Staying Late is Toxic: Being in an Office Doesn’t Equate to Working

Forcing employees to work longer hours in an office doesn't benefit anyone.

I’m in an industry where working late is commonplace. Not for me. Not anymore at least. But marketing agencies are busy places with lots of clients, fast moving parts and deadlines.

The result is, you might argue, natural. People stay later, work longer and try harder to make sure things get done and on time.

This isn’t unique to marketing. In fact I work with all sorts of organisations who are fairly open about the long hours their teams pull. Surprisingly few of the companies I work with offer any sort of remote working to their employees. And lots of people I know personally and professionally tell of late nights in the office all too frequently.

The odd late night is essential. But you know what isn’t?

Frowning on your staff for “only” turning up on time and for leaving on time.

How is it ok to contract someone to given hours but to really expect 5 or more additional “free” hours per week.

People have lives. Real lives. They have families, friends, commitments to their health, a need for down time, hobbies.

Most people don’t live to work.

But Long Hours Isn’t Just a Problem for your Employees…

It’s a problem for you too.

Why would you assume that sitting in front of a computer in an office equates to being productive.

A study suggests that in a standard working day, employees are productive for just 2 hours and 23 minutes.

It doesn’t come as a surprise to me.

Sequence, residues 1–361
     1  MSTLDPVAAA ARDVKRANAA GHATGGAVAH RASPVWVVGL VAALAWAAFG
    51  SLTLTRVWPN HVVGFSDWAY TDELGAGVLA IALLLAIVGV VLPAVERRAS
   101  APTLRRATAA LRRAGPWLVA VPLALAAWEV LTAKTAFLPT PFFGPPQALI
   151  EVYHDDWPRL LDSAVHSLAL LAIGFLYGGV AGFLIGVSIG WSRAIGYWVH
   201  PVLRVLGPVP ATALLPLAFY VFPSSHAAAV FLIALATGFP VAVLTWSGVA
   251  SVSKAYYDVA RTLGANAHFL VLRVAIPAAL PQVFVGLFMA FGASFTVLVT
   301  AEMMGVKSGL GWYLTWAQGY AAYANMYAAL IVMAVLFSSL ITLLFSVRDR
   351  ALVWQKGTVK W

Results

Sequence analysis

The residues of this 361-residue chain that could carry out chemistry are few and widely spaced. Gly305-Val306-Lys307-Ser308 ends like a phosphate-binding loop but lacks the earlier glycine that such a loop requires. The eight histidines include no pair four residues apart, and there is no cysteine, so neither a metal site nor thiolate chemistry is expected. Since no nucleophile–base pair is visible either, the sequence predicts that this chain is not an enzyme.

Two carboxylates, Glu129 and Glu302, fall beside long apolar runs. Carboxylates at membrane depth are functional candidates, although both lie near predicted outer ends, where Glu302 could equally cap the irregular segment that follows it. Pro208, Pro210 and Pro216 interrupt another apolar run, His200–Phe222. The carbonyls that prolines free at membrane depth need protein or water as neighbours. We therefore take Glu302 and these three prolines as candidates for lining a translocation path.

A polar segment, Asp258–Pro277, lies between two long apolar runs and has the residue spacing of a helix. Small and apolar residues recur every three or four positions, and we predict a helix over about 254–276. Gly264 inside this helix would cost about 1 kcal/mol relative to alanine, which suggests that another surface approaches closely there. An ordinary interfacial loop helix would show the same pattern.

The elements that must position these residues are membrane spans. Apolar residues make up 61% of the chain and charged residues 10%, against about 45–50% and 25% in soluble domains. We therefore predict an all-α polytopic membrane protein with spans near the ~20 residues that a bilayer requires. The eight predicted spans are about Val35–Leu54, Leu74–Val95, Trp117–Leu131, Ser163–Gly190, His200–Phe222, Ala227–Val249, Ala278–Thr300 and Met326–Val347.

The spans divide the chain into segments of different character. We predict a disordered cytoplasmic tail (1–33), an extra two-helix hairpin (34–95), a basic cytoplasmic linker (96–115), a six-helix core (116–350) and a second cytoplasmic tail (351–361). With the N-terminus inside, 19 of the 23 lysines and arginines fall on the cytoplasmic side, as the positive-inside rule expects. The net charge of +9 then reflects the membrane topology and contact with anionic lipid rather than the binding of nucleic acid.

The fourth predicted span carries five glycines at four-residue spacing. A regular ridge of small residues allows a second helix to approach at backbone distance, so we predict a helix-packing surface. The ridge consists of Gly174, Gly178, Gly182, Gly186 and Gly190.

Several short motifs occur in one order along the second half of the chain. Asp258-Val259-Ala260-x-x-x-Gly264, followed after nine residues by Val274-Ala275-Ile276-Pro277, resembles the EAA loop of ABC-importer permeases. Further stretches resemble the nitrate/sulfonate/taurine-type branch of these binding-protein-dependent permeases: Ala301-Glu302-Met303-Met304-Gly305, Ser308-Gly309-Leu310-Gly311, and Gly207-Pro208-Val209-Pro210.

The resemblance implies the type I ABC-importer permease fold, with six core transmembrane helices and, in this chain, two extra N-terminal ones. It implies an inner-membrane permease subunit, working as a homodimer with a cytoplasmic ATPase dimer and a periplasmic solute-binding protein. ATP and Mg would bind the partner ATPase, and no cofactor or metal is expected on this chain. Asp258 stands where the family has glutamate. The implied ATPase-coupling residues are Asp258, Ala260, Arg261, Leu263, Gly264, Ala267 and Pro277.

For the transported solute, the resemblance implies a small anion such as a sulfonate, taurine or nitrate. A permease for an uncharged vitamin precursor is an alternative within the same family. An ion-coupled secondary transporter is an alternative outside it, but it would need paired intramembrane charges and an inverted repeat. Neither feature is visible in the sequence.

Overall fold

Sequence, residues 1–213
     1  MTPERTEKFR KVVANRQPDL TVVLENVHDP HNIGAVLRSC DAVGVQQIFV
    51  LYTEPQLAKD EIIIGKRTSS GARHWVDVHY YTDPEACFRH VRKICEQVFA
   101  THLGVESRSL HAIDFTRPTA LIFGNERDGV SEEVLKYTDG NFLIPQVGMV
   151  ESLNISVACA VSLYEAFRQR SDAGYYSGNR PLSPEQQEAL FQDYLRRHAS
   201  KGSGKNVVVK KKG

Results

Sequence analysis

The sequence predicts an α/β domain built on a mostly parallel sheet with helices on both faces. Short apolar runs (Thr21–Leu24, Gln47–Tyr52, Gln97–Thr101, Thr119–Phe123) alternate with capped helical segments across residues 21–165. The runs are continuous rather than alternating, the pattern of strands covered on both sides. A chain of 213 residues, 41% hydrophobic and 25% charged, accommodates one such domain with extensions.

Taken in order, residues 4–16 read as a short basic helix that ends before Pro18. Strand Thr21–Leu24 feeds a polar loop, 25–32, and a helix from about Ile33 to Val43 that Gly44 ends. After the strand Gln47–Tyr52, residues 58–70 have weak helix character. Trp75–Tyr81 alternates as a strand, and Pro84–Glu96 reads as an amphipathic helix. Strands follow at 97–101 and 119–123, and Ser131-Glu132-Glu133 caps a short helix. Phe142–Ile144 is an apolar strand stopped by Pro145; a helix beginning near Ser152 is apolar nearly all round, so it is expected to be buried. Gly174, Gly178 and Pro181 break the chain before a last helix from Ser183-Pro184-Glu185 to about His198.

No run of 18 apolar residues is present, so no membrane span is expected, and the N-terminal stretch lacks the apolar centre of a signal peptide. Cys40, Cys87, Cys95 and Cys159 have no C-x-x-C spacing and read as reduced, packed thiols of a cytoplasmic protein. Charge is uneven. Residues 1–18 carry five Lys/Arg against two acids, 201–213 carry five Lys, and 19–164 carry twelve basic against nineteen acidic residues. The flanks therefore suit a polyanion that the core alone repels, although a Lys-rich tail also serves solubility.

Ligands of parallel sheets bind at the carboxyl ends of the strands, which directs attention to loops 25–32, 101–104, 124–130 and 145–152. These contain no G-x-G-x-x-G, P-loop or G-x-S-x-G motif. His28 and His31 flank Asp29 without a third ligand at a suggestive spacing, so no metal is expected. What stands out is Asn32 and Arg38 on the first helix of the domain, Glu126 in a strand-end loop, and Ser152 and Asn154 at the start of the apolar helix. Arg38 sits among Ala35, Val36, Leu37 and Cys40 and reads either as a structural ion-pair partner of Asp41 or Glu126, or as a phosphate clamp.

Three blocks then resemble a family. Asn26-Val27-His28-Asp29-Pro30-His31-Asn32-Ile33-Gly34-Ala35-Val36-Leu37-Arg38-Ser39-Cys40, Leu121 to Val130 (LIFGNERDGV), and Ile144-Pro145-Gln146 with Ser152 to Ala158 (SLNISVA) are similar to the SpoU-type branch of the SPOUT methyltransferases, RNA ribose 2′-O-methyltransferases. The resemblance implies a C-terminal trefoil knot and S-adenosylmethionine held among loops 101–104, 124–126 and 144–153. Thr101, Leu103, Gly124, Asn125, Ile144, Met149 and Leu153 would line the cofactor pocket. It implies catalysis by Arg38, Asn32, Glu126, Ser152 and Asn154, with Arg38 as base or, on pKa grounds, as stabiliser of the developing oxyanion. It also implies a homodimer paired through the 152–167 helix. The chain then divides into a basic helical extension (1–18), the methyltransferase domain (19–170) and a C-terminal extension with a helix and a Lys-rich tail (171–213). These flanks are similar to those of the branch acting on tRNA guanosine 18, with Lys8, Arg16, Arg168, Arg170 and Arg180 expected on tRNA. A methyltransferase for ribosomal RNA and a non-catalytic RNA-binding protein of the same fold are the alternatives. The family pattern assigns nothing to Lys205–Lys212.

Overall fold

I’ve spent a long time working out my productivity patterns. I’ve figured it out (finally). I’m at my most productive from early morning until around lunch time. And, frankly, I’m not great in the afternoon. It’s better for me to make calls, run meetings, have catch ups with the team and things like that in an afternoon. Or, honestly, afternoons are best spent getting out for a walk or taking some downtime if it’s feasible.

Documentation is a morning activity for me.

And I get another couple of hours of good productivity in the evening.

I work no more hours than a standard working day, but I work them more flexibly and as a result, I get more out of my working day. I’m self employed. Maximising my working hours is incredibly important.

But for the businesses who employ staff and pay them for a day’s work only to get 2 hours and 23 minutes worth of productivity out of them? Well, that’s potentially an expensive chunk of time in which your business doesn’t benefit at all.

Flexibility isn’t only an incentive to help reduce staff turnover (another expensive problem in the service industries), but keeps your staff more motivated and wins you more productivity.

So consider loosening your rules about desk bound hours and experiment with getting more productivity, a more motivated team and a working environment people enjoy being in.

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